Archive : February/2018
Does your device utilize mechanical buttons? Are you designing a new user interface device? Does your existing product’s interface need a facelift? No matter the question, capacitive touch technology is the answer. The arrival of smartphones and tablets has massively fueled the trend for capacitive touch. From our car dashboards, to industrial controllers, touch technology has truly invaded our lives. Unsurprisingly, more and more companies are steering towards incorporating sleek and non-tactile interfaces within their devices.
At this year’s 17th annual Pacific Northwest Aerospace Alliance (PNAA) Conference, Paul Michaels, GMN Aerospace’s Corporate Director, was asked to share his insights on the importance of striving for excellence within the aerospace industry. As a past recipient of PNAA’s Aerospace Executive of the Year Award, Michaels also had the honor of recognizing previous award winners in the audience during the event’s banquet dinner.
If you’re interested in adding a new and stylish look to your nameplate or component, you may want to consider 3D electroform. Using this process, you can achieve many different intricate looks and design elements on one part. You can create contrast within the nameplate by using an array of textures, depths, and colors. In this blog we will use the Callaway Golf component as an example to highlight different techniques and elements you can achieve with 3D electroform.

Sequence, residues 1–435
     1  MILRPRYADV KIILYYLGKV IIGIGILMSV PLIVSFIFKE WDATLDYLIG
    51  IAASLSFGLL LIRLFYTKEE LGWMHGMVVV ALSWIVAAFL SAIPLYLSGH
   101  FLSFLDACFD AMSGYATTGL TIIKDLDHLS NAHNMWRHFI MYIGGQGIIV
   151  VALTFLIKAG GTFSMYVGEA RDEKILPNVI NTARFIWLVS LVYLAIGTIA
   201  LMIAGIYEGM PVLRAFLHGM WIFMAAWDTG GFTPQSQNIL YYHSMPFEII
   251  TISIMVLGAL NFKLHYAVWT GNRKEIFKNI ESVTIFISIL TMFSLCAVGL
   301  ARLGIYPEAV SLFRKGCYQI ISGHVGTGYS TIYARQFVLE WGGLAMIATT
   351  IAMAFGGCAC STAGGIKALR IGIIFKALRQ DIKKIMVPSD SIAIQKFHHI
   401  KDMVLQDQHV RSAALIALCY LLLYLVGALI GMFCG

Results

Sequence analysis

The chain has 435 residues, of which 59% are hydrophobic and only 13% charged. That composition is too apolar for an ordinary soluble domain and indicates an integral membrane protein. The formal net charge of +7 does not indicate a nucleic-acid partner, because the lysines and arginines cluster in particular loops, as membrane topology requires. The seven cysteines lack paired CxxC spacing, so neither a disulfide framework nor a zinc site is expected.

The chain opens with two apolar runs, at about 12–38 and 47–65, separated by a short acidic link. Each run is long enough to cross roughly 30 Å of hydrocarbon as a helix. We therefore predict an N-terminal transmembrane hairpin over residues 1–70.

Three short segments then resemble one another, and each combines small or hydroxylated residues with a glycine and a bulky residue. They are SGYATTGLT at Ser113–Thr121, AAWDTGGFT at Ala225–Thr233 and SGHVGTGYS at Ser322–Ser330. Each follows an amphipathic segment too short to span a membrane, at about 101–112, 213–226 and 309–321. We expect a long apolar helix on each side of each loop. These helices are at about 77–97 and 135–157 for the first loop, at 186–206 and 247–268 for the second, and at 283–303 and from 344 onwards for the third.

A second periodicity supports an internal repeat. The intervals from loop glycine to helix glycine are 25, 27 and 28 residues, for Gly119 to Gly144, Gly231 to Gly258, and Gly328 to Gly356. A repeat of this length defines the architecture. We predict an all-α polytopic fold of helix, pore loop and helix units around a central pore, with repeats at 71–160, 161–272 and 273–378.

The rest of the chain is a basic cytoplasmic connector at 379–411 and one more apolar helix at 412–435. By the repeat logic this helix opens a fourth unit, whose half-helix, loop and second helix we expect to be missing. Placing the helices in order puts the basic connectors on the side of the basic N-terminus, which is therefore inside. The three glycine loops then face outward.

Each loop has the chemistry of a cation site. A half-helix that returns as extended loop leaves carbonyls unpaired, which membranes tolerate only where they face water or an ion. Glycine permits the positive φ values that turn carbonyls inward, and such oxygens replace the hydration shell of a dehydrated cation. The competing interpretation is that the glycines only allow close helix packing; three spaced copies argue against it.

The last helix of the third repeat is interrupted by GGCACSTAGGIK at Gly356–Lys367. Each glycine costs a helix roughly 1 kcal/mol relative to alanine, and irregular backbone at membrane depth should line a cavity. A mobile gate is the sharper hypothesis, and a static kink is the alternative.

As we reflect on the past 12 months and look forward to 2018, GMN Aerospace would like to take a moment to express our gratitude to our customers and our excitement for what is on the horizon. 2017 gave GMN Aerospace a lot to celebrate, including being awarded with our fourth Boeing Supplier of the Year Award. Now, in the birth of a new year, it’s time for us to set new goals, carve out an execution plan, and get to work.
Imagine that you need to precisely measure a custom machined wheel of a customized car. Which measuring tool would you use? You could use a standard industry equipment like the caliper, but that may result in several inaccuracies given the complex shape and inherent contours of the wheel. Alternatively, you could use a Coordinate Measuring Machine (CMM), but that would be extremely time-consuming and the machine might fail to get into all of the crevices.